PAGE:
US Hanger Steak with Shimeji mushrooms and wasabi pepper sauce

The steak was nicely cooked, and the chef served it to us in its perfectly medium-rare state. Yum!

Our favorite dish for the night though was the fifth course – Blue Marlin served with wasabi mayo. The pungent sauce gave us a kick of spice from the wasabi that was so mouth-watering, Ken and I decided to order seconds of this before the desserts.

Blue Marlin served with wasabi mayo

The wasabi mayo was a tasty complement to the Blue Marlin, which was seasoned and seared well. Sadly, we were too full by the time the chef was supposed to cook the second servings we ordered that we cancelled them and went straight to finishing our desserts.

Next up was the Sous Vide Chicken. This was our second favorite dish. The chicken was served with teriyaki sauce and was seared quickly to give it a crisp skin.

Sous vide chicken with teriyaki sauce

We absolutely loved this because the chicken had this melt-in-your-mouth texture and was oh-so juicy, which are the benefits you’d get from sous vide cooking. Ken and I even looked at each other with this facial expression we usually make when we instantly fall in love with what we’re tasting. πŸ™‚

The next course was the Grilled Salmon with spinach and Wafu’s own Sauce Ana. I’m not sure exactly what the ingredients are for this sauce, but all I know was it’s creamy and flavorful, perfect to pair with the salmon.

Grilled Salmon with spinach and Wafu's own Sauce Ana

We then moved on to the Ebi Tempura. Nothing really remarkable about this. We prefer Yabu‘s over theirs.

Ebi Tempura - part of Wafu Greenhills' teppanyaki omakase buffet

9th course (phew!) was the US Tenderloin prepared saikoro style. The ‘saikoro’ part is nothing fancy, really. It just means the steak was cut into bite-sized cubes. However, upon closer inspection, the steak served to us weren’t really sliced into cubes. Anyway, they’re still very good and, uh, tender. πŸ™‚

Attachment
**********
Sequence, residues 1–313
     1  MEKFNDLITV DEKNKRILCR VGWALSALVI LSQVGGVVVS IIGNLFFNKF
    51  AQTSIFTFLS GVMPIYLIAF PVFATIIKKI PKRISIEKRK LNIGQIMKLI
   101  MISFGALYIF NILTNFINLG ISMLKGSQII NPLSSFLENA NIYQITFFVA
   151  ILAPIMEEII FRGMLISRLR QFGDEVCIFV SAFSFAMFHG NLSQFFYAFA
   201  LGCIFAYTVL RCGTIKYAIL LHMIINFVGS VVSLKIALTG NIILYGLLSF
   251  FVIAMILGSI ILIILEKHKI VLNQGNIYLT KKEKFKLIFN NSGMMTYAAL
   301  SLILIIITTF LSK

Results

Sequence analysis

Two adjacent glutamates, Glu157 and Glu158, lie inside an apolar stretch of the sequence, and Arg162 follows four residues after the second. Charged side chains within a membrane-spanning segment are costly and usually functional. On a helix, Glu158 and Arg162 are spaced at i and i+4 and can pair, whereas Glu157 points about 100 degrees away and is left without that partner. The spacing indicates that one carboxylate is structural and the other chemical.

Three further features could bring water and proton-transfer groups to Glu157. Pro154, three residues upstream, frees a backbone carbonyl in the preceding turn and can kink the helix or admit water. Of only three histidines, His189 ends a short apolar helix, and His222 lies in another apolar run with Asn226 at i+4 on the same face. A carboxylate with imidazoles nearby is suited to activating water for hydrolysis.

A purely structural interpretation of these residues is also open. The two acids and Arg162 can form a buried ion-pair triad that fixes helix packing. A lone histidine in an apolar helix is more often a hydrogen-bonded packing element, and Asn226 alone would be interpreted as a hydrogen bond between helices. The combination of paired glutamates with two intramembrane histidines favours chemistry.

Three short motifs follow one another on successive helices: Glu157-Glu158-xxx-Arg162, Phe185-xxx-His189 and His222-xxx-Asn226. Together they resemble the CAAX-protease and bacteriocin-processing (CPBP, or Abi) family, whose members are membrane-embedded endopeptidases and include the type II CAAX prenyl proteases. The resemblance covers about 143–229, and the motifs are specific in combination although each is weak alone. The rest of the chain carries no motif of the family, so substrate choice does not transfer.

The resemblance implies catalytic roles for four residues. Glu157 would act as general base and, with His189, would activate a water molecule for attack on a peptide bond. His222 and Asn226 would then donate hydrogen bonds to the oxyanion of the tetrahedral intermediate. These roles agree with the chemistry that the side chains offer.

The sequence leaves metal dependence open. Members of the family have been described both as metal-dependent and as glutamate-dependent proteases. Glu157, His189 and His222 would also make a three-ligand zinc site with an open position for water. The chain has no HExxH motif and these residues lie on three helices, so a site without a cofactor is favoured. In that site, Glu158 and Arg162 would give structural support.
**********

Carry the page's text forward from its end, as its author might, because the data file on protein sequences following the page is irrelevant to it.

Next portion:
US Tenderloin prepared saikoro style

Next was the Dorado with their house made mango onion salsa. The fish was nicely cooked and it was quite flavorful, with a tinge of sweetness.

Dorado with their house made mango onion salsa at WAFU Greenhills

After this last course, we were offered seconds of the dishes we liked, which we gladly accepted. We ordered another serving of the sous vide chicken and the blue marlin; the latter, we ended up cancelling.

Since Ken and I missed the Tofu Steak, we ordered just one for sharing. It had this velvety, silky texture that was simply delightful!

Tofu Steak at Wafu Greenhills

We were also served a sushi sampler. I skipped the raw salmon since I’ve had allergies before when I try to eat sashimi, so Ken happily ate that off my plate. We got 2 makis each. After going through 9-10 courses, we barely had enough space to finish these. πŸ˜€

Sushi sampler from Wafu Greenhills

Finally, we had Wafu Ice Cream for dessert. They were in mocha flavor – my favorite! It was creamy and luscious. I asked if Wafu makes their own ice cream or if they’re using a well-known brand used by most restaurants, but sadly, the person I asked had no idea.

Wafu Ice Cream for dessert

You might be wondering about the serving sizes for each dish. They’re small, quite similar to a tasting menu, but that’s usually how teppanyaki courses are served to the diners. Take note that after the main entrees are done, they’ll ask you if there’s anything you’d like to repeat. The 12 courses will surely fill you up, but we did find ourselves craving for seconds of some of the dishes.

WAFU Greenhills Teppanyaki Omakase Buffet - appetizers

We absolutely enjoyed our Teppanyaki Omakase sit-down buffet at Wafu, though we both smelled like ulam and my eyes hurt from all the smoke because it was directed towards where we were seated. πŸ˜€

If you want to have a taste of this 12-course Teppanyaki Omakase buffet at Wafu Greenhills, we’ve got great news! They’re celebrating their first anniversary and they’re offering this teppanyaki buffet for 50% OFF this September only! You only pay Php 900 – awesome deal! πŸ™‚

For more details about this Teppanyaki Treat, visit this link (from their Facebook page) for the complete mechanics, or contact them directly. Take note that this promo is available on dinner on Wednesday and Thursday, and both lunch and dinner on Friday, Saturday and Sunday.

WAFU Japanese Restaurant

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Michelle (aka Mhel / blankPixels) is a social media nerd and works as a Digital Marketing Lead for one of the top online companies in the Philippines. On her free time, she travels, goes on food trip and loves to take photos. She's the main editor of this food blog.



  • Mary Ann Anos

    This is definitely a must try! Great review Mhel! Ang sarap tingnan ng mga food sa pictures. drool….

  • jelie

    nice food, nice resto name, and nice place πŸ™‚